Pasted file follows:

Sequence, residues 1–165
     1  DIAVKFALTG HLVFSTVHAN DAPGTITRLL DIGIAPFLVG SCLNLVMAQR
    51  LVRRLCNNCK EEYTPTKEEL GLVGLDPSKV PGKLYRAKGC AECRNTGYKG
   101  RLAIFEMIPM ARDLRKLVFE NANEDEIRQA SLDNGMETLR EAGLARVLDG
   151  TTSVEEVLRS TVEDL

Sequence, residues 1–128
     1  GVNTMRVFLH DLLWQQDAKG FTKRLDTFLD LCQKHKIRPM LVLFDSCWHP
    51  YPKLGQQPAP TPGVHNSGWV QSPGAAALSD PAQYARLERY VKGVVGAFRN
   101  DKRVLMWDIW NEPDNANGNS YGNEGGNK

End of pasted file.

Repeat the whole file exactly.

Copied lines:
Sequence, residues 1–165
     1  DIAVKFALTG HLVFSTVHAN DAPGTITRLL DIGIAPFLVG SCLNLVMAQR
    51  LVRRLCNNCK EEYTPTKEEL GLVGLDPSKV PGKLYRAKGC AECRNTGYKG
   101  RLAIFEMIPM ARDLRKLVFE NANEDEIRQA SLDNGMETLR EAGLARVLDG
   151  TTSVEEVLRS TVEDL

Sequence, residues 1–128
     1  GVNTMRVFLH DLLWQQDAKG FTKRLDTFLD LCQKHKIRPM LVLFDSCWHP
    51  YPKLGQQPAP TPGVHNSGWV QSPGAAALSD PAQYARLERY VKGVVGAFRN
   101  DKRVLMWDIW NEPDNANGNS YGNEGGNK